Carlton Waterhouse is a professor of law at IUPUI

Carlton Waterhouse is a professor of law at IUPUI

In the wake of another police killing of an unarmed African-American in Chicago and the acquittal of the officers involved in the death of Freddie Gray in Baltimore the importance of the Black Lives Matter Movement is crystal clear.  As I have mentioned in previous columns, rather than a fluke, police killings of African-Americans are a regular occurrence that reflect America’s racial hierarchy and African-Americans continued subordination within it.  However, African-American subordination is not limited to issues of race.  African-American women and girls face individual and group discrimination across American society and within African-American communities because of their gender daily and we need an effective movement to change it.

The consequences are greater impoverishment, less wealth and fewer opportunities in management and the professions for Black women despite their steady and impressive educational achievements over the last decade. Within African-American communities, gender dominance means Black women are denied leadership opportunities they are more than qualified for as well the support they need when they get them. Moreover, sexual assault and violence as well as domestic abuse continue to disrupt the lives of far too many Black women and girls. Studies place the percent of Black women who have experienced some type of sexual assault between forty and sixty.  Although all of these criminal incidents have not been perpetrated by Black men, most have and yet this issue and other challenges unique to Black women and girls get short shrift in our discussions of community priorities.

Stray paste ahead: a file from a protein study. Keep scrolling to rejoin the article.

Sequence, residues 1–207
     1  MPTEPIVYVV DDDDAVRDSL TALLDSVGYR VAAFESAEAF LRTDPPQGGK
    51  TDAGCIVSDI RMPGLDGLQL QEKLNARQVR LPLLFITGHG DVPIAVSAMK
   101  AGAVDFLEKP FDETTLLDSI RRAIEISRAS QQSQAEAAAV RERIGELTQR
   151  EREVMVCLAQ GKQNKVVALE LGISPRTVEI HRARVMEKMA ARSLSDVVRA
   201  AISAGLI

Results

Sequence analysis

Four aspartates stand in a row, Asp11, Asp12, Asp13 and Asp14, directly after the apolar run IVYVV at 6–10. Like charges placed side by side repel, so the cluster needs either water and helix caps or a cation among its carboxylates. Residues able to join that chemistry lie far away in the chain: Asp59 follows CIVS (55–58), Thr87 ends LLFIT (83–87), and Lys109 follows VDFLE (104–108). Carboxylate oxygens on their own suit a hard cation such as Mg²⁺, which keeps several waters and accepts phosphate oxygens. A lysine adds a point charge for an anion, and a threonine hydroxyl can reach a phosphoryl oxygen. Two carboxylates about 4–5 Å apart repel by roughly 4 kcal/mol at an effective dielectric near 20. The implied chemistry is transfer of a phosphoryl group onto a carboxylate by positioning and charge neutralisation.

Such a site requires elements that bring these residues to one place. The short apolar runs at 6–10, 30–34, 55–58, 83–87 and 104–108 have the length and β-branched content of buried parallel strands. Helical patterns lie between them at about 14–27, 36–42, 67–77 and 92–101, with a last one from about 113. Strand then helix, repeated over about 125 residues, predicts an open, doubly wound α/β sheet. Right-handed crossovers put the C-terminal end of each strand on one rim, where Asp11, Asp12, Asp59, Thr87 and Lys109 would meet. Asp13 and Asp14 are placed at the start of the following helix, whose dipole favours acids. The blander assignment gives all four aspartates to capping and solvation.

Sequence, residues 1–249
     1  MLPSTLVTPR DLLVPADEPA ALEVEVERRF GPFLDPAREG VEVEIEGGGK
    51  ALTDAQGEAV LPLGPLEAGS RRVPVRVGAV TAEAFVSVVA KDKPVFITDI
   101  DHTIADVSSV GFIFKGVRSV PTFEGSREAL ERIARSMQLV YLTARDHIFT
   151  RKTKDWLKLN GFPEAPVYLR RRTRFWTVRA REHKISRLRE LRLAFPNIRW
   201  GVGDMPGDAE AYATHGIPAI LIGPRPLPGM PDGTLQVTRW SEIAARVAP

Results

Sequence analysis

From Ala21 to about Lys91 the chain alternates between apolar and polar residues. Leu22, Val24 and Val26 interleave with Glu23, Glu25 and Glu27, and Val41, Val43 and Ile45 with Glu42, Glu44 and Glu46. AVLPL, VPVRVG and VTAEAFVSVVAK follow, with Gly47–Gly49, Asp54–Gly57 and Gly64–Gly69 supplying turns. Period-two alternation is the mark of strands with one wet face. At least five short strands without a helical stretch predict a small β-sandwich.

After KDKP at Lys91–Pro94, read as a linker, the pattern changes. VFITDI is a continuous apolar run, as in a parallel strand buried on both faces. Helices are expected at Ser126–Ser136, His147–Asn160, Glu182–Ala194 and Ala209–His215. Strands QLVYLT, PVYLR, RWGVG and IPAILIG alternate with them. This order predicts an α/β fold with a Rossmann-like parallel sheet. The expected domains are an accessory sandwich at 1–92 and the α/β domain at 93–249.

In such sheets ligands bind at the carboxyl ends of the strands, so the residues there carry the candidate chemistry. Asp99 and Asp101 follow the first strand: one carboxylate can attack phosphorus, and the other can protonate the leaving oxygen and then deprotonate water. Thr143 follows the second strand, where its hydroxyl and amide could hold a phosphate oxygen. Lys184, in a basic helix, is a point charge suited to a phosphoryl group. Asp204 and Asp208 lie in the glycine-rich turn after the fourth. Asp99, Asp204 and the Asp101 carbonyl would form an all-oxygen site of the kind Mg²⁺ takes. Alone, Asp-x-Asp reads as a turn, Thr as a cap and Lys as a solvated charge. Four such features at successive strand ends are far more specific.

In the same way, the broader society neglects issues particular to Black women and girls.  From the media to politics and from corporate America to the church, Black women are pressed into support rather than lead roles.  Black women are as capable if not more so than any other persons in our society.  Society’s continued denial of this on a daily basis is an outrage that warrants…no demands immediate attention.  Black women are not unique in this experience.  White women, Latinas, Native, Asian and Pacific Island women all know the sting of male dominance.  These society wide inequities necessitate our collaboration across race, language and religious groups.

In Black organizations and institutions we need to prioritize the empowerment of Black girls as well as boys and be more intentional and zealous about fighting against gender discrimination in employment, civic organizations and our religious bodies.  Sexual violence and domestic abuse perpetrated against Black women can no longer be ignored or avoided as taboo topics. When Black men or boys harm Black women and girls we are all injured and diminished. We all then have a stake and a responsibility to end this through education, accountability and other means of prevention. Breaking silence and ending traditions that shame girls and blame them for their victimization stand out as critical steps on the path to ending these behaviors.

In the same way, to replace gender dominance with justice we must fight against traditions, practices and ideas that justify and support discrimination against women.  We Black men especially have to recognize our own role in limiting opportunities for Black women.  Our biases and stereotypes held about Black women do a disservice to our communities and inhibit progress for all of us.  Further, those of us in positions of authority have an even greater responsibility to mentor, encourage and support women in their development as well.

While some may think that Black women’s academic success has ended the inequities Black women face relative to Black men that does not hold up to scrutiny. At comparable economic levels Black women fall below Black men.  At the highest echelon, Black men have more wealth and income than Black women and at the lowest levels Black women face greater poverty than Black men.  At the middle level there is much greater parity but because Black women continue to bear greater responsibility for raising children and carrying for the elderly even that is illusory.

We are far too silent and far too complicit as a community and a society in maintaining gender injustice. It is past time to dismantle gender dominance and to replace it with gender justice for all.

http://www.indianapolisrecorder.com/opinion/article_1206d798-5fe4-11e6-819f-c79d00e2093b.html

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